In 2017, Senators Steve Daines and Jon Tester from Montana introduced a resolution recognizing May 5, as a National Day of Awareness for Missing and Murdered Native Women and Girls. It was in response to the murder of Hanna Harris on the Northern Cheyenne Reservation and other abductions and killings of Native women across the United States. Since 2017, actions on May 5th to honor MMIW at the local, regional, and national level continue to grow across the United States and internationally. These efforts are as varied as the Indian Nations, where they are being organized. The silence of tolerance and inaction is being challenged.
When a mother, daughter, or sister goes missing communities understand action is needed immediately. Silence is being replaced with the understanding of the urgency to act—alerting tribal leadership, reporting to law enforcement, not accepting the “no action response,” but demanding a “yes crisis-mode response.”
The United States implemented inhuman governmental policies toward Indian Nations and women. Congress in its 2009 Apology to Native Peoples acknowledged “years of official depredations, ill-conceived policies,” and apologized for the “many instances of violence, maltreatment, and neglect inflicted on Native Peoples by citizens of the United States.” The foundation of the crisis of MMIW is like two sides of a coin, official government laws and policies of depredations representing one side; tolerance and inaction the other. The movement for justice for MMIW challenges these separate crimes against Indigenous women and the system that allows this crisis to continue.
The tribal press conferences, community searches, and justice marches taking place across the continent reflect the emergence of a new standard—holding the government accountable for the criminals, government employees, and the public, who are allowed to prey on Native women and girls. Increased educational awareness actions are needed. Organize conferences, community runs, and public art displays. Produce songs, videos, and films. Wear red and explain to those around you, the world, why. The list of movement actions taking place is long; it is as varied as the people taking action across the nation.
While large organized actions are essential, individual actions provide a social statement of the depth of MMIW. These actions relay to the world the reality that MMIW touches all Indian Nations and the peoples of which they are comprised. In making these personal statements, the loved one is honored, and we hope the family and community are supported. Restoration showcases the following MMIW actions to thank the artist and producers, and encourage everyone to participate in the May 5th, MMIW National Day of Awareness.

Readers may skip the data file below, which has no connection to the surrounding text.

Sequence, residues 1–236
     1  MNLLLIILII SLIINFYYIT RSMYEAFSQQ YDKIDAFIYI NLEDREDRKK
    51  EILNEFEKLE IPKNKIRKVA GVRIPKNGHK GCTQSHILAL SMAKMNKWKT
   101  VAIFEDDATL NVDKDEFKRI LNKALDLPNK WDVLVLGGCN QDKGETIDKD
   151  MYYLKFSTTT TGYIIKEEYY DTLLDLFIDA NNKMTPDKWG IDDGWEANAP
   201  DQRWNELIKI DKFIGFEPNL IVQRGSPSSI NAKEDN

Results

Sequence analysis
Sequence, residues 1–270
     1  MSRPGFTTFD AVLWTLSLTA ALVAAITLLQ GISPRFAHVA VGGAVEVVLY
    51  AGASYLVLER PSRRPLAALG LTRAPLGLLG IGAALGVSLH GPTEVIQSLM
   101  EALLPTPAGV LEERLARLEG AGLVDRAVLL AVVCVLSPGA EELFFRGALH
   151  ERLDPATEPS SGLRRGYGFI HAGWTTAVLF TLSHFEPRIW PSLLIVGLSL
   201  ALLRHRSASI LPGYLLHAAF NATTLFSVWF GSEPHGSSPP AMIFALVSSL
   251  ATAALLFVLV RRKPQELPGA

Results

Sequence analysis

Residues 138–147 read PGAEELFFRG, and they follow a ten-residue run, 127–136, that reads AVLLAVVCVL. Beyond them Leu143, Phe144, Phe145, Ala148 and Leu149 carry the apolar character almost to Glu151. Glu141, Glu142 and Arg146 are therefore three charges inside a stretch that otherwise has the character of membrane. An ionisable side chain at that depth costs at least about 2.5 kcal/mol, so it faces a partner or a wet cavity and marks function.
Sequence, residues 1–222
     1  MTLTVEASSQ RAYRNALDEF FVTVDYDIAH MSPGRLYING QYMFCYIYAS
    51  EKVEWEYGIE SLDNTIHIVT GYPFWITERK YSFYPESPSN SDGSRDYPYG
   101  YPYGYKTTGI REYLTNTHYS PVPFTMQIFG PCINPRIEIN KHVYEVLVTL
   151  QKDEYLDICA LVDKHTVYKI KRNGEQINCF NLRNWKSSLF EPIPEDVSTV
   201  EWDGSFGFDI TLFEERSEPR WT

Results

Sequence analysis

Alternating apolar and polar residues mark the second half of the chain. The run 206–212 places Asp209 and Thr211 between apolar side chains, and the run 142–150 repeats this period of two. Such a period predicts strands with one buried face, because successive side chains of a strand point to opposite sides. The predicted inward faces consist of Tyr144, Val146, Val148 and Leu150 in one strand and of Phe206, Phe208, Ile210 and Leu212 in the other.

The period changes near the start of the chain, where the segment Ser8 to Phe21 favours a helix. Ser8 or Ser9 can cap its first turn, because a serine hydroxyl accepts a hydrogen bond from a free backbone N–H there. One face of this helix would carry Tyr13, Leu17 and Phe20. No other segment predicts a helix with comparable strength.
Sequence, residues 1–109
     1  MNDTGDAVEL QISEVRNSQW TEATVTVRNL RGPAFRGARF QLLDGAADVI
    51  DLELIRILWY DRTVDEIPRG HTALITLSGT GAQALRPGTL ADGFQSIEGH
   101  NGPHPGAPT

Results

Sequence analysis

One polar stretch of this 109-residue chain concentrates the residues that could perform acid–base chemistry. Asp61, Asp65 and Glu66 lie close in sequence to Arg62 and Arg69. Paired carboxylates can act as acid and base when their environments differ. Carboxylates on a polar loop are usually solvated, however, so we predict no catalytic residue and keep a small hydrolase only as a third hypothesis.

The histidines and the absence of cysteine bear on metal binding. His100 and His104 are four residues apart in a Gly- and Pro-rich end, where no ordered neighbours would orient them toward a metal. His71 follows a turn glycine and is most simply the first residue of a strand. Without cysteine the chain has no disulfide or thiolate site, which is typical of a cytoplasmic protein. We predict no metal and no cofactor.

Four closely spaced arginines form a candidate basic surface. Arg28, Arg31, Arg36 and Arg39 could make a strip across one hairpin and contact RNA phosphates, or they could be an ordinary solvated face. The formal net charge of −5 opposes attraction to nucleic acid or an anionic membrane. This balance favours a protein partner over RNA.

Individual Action: Shifting the Cultural Balance to Respect and Awareness
“The main inspiration for the qaspeq was the disappearance of Val Sifsof in July of 2012 from Granite Creek campground. She was a family friend. It was also the awareness of the pattern of deaths and disappearances that I didn’t hear people talking about but that I’d been aware of since I was about 8 years old. They are all our relatives. The goal of the project is to humanize the issue and find a way to make people feel it. I wanted to make the qaspeq large to represent the space that the grief occupies within Native communities. It was done to honor the memory of our relatives and remind the world that it shouldn’t be up to Native women to prove their innocence before crimes against them are investigated. It was also about healing myself and sparking healing for all Native women. I carry these stories, but they are not mine. The project has its own energy and my job is just to facilitate its movement. I can’t undo these crimes, but if we can open conversations about the root causes of violence that are honest and do not minimize the effects of violence, then the project is worth doing. The project has been ongoing for the last 18 months. With the larger qaspeq, I’m hoping that my efforts will also honor the advocacy work happening all over North America. This work has been driven by the efforts of Native women and it’s important to acknowledge that. Visibility is a step toward changing social attitudes. It has been featured on Alaska channels 2 and 11, the Juneau Empire, First Alaskans magazine, First Americans magazine, and was present during testimony in Juneau for HR 10 in support of Savanna’s Act and continued funding for VAWA. The resolution passed unanimously.—Amber Webb, Creator of the Memorial Qaspeq.
Yup’ik artist Amber Webb stands with her 12-foot qaspeq Thursday, Oct. 17, 2019 during the Alaska Federation of Natives convention at the Carlson Center in Fairbanks. Webb made the qaspeq, which displays portraits of over 200 Alaskan, Canadian, and Native American Murdered Indigenous Women and Girls. Webb received the 2019 Dr. Walter Soboleff “Warriors of Light” award from AFN. (Photo courtesy of Loren Holmes / ADN).